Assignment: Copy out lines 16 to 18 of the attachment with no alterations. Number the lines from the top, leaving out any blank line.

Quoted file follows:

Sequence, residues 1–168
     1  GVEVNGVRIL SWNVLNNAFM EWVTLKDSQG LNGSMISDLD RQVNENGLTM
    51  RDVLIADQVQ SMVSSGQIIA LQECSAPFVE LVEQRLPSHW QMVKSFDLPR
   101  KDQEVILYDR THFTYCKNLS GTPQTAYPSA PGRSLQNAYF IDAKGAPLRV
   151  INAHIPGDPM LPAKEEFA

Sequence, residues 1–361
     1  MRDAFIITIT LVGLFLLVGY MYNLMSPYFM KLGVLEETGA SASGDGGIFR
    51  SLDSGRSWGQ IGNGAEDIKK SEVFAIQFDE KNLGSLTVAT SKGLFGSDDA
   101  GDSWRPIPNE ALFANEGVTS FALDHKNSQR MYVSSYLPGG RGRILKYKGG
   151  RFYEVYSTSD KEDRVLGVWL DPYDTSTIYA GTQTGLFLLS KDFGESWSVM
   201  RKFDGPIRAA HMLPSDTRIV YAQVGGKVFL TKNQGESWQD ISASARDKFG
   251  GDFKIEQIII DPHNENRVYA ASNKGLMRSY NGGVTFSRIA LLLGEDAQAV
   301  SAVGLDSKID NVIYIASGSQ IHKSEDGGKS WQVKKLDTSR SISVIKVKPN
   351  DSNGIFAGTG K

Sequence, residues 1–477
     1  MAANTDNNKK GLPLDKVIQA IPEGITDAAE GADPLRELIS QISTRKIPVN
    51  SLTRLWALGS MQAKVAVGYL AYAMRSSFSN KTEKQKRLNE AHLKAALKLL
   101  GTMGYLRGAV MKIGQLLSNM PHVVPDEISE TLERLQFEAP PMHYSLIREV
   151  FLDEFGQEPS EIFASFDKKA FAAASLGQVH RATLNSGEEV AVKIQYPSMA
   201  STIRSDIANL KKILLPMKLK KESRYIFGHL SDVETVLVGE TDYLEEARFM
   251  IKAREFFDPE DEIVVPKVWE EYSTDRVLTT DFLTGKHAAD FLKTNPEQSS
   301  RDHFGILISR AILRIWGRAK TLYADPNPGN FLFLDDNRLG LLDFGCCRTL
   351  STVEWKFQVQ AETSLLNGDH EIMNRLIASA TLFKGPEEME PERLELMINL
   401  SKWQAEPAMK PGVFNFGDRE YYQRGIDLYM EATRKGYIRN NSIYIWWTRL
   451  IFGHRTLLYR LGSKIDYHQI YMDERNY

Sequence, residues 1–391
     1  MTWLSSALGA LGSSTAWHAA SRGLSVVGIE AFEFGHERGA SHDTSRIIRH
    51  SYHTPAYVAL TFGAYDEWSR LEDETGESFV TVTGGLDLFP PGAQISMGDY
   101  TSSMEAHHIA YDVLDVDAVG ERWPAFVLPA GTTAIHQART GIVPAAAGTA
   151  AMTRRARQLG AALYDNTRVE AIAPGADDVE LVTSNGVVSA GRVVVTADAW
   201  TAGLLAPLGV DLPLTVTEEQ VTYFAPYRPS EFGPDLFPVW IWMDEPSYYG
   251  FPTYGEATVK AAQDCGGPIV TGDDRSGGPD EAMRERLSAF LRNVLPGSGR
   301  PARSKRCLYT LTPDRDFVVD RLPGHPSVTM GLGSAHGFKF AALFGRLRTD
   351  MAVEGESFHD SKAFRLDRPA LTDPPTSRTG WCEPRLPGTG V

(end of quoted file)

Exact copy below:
     1  MAANTDNNKK GLPLDKVIQA IPEGITDAAE GADPLRELIS QISTRKIPVN
    51  SLTRLWALGS MQAKVAVGYL AYAMRSSFSN KTEKQKRLNE AHLKAALKLL
   101  GTMGYLRGAV MKIGQLLSNM PHVVPDEISE TLERLQFEAP PMHYSLIREV